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Vegetable-stuffed chicken

  • Gluten Free Diet

    Excludes foods containing gluten, such as wheat, barley, rye and their by-products.

  • Nuts Free Diet

    It is usually followed when someone is allergic to nuts.

  • Low in Sugars Diet

    Limits all sources of added sugars and encourages the reduction of high-carbohydrate (high glycemic index) foods. A claim that a food can be classified as LS can be made when it contains less than 5 gr of sugars per 100 gr of solid food or 2.5 gr of sugars per 100 ml of liquid food.

Vegetable-stuffed chicken


  • Peel the carrot and grate it on the large holes of a box grater.
  • Clean and finely chop the pepper and the broccoli.
  • Place a frying pan over medium-high heat. 
  • Add 1 tablespoon olive oil and then, add the veggies inside. Sauté for 2-3 minutes by mixing with a wooden spoon. 
  • Remove from the heat, let the temperature drop for 5 minutes, and add the cream cheese, the grated cheddar, the basil finely chopped, and the salt. 
  • Mix well with a spoon, and set the stuffing aside until needed.
  • Preheat the oven to 180ο C (350ο F) set to fan.
  • Cut the chicken fillets in half, lengthwise; do not cut it all the way through as you need to create a pocket for the stuffing.
  • With a spoon, add the stuffing into the fillets and seal each one with two toothpicks. Alternatively, you can tie them with kitchen twine.
  • Place a frying pan over medium-high heat, add 1 tablespoon olive oil, and sauté the fillets for 2-3 minutes on each side.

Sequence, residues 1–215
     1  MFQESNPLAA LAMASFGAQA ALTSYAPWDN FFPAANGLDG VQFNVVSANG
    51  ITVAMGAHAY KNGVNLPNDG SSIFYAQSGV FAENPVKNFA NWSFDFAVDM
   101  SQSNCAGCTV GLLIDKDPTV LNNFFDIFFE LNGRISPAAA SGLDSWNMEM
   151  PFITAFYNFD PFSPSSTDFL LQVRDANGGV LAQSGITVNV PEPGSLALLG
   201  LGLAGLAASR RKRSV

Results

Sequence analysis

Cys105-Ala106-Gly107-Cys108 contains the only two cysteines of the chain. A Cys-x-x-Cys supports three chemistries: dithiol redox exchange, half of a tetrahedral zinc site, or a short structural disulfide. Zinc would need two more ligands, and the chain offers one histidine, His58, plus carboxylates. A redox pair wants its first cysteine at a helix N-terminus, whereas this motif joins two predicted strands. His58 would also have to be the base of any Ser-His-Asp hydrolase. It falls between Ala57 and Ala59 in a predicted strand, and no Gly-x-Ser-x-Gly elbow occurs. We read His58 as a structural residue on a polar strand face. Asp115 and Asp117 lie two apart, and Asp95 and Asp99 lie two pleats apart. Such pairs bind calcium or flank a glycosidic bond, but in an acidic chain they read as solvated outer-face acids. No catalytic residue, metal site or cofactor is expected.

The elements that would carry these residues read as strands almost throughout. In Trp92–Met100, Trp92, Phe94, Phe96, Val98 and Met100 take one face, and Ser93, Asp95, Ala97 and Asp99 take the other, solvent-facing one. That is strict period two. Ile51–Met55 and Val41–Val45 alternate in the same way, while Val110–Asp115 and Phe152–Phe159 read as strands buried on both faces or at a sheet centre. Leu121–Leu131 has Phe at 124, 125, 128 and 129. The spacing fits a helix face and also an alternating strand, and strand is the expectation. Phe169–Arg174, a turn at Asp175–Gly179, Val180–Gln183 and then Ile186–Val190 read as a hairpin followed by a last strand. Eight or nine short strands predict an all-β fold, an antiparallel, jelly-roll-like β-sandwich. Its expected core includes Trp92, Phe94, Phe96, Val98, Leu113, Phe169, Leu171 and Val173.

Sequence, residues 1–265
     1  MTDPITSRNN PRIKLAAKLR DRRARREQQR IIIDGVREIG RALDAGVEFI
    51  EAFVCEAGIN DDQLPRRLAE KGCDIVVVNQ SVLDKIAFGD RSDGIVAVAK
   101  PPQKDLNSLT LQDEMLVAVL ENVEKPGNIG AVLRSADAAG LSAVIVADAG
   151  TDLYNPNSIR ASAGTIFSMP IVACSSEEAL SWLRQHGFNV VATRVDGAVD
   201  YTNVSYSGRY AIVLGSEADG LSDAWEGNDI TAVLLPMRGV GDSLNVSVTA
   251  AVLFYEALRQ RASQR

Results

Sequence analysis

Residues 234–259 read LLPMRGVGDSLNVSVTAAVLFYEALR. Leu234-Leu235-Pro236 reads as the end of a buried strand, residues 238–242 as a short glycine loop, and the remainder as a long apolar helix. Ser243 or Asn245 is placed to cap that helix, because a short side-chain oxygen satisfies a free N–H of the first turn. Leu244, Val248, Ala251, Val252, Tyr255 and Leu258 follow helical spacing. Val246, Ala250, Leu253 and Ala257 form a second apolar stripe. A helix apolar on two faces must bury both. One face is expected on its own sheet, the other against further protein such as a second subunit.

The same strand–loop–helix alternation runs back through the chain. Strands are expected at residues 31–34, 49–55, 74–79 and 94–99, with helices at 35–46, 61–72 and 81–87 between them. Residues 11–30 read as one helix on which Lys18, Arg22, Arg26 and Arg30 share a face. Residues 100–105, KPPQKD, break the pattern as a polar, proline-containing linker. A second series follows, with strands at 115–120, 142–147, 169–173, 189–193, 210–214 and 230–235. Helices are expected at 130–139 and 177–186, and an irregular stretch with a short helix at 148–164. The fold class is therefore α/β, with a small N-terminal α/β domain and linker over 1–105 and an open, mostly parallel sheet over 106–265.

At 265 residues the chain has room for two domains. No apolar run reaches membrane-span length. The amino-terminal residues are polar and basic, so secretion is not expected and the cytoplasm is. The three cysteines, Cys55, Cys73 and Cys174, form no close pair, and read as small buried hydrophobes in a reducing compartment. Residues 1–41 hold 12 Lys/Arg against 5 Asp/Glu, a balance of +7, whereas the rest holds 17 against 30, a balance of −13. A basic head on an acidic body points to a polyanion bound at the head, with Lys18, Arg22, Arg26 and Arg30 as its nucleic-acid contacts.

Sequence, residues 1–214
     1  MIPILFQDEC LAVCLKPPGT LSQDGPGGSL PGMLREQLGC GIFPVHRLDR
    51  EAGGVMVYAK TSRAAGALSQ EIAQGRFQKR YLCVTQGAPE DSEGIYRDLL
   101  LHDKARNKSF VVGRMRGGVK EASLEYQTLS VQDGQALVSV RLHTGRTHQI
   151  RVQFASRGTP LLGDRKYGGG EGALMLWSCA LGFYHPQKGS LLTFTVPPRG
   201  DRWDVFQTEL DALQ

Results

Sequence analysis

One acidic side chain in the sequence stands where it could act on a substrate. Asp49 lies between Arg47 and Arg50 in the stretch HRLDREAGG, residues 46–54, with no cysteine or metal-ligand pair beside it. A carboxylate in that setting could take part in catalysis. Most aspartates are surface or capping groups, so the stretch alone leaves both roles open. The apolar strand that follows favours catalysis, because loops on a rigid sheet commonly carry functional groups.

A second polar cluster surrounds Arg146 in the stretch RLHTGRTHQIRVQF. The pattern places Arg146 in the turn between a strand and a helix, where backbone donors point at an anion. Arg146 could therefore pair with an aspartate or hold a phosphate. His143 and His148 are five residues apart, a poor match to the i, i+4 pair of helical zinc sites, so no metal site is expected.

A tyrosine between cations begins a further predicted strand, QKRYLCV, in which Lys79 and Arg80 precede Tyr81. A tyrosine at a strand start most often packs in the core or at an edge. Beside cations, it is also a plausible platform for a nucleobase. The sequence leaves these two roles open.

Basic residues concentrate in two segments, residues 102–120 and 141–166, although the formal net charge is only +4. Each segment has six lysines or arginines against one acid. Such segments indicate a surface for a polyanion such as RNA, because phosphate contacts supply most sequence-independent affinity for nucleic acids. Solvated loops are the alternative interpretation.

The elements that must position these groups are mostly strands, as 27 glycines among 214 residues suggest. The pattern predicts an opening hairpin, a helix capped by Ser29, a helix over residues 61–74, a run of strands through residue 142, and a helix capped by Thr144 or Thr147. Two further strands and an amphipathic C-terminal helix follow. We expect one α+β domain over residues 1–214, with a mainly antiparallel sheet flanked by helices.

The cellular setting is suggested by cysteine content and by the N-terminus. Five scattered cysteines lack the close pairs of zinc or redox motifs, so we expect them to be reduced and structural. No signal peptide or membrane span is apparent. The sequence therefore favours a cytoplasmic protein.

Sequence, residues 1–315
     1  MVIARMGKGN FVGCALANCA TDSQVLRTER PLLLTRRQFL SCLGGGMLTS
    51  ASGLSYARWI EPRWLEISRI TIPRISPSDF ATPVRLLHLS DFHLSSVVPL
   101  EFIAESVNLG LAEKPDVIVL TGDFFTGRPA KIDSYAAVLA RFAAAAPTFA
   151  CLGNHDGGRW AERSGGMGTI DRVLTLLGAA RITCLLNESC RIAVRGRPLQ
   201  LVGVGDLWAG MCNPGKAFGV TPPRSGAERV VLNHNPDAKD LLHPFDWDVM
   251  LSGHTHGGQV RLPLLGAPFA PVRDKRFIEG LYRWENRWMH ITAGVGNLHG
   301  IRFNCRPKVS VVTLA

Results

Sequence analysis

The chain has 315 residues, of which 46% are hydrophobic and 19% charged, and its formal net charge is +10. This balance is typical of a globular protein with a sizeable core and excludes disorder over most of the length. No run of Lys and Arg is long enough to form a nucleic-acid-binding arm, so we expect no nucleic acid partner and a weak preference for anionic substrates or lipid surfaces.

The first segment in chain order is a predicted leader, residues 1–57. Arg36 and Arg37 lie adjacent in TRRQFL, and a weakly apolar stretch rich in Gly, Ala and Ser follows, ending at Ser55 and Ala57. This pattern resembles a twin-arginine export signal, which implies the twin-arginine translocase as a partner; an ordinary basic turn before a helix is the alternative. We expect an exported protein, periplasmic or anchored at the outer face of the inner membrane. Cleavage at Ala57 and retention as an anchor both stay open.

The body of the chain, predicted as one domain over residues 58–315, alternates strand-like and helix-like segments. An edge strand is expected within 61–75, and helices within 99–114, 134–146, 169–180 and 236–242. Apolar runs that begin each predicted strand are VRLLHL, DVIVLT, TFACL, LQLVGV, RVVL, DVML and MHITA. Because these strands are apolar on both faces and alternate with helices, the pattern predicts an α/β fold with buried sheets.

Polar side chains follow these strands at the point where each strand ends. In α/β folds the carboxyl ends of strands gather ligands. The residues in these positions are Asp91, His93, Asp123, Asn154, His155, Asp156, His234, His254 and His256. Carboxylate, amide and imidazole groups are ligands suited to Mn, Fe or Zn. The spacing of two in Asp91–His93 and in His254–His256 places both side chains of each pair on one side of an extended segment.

• Transfer them into a baking pan lined with parchment paper and roast them in the oven for 30-35 minutes.
  • Serve with some green salad, cherry tomatoes, drizzle with olive oil, and season with salt. 
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Nutrition information per portion

Calories (kcal)
13 %


Shows how much energy food releases to our bodies. Daily caloric intake depends mainly on the person’s weight, sex and physical activity level. An average individual needs about 2000 kcal / day.

Total Fat (g)
13 %

Fatty Acids

Are essential to give energy to the body while helping to maintain the body temperature. They are divided into saturated "bad" fats and unsaturated "good" fats.

Saturated Fat (g)
21 %

Saturated Fats

Known as "bad" fats are mainly found in animal foods. It is important to check and control on a daily basis the amount you consume.

Total Carbs (g)
1 %


The main source of energy for the body. Great sources are the bread, cereals and pasta. Use complex carbohydrates as they make you feel satiated while they have higher nutritional value.

Sugars (g)
3 %


Try to consume sugars from raw foods and limit processed sugar. It is important to check the labels of the products you buy so you can calculate how much you consume daily.

Protein (g)
82 %


It is necessary for the muscle growth and helps the cells to function well. You can find it in meat, fish, dairy, eggs, pulses, nuts and seeds.

Fibre (g)
8 %


They are mainly found in plant foods and they can help regulate a good bowel movement while maintaining a balanced weight. Aim for at least 25 grams of fiber daily.

Sodium (g)
15 %


A small amount of salt daily is necessary for the body. Be careful though not to overdo it and not to exceed 6 grams of salt daily

*Based on an adult’s daily reference intake of 2000 kcal.

*The nutritional chart and the symbols refer to the basic recipe and not to the serving suggestions.

*To calculate nutritional table data, we use software by Nutritics logo

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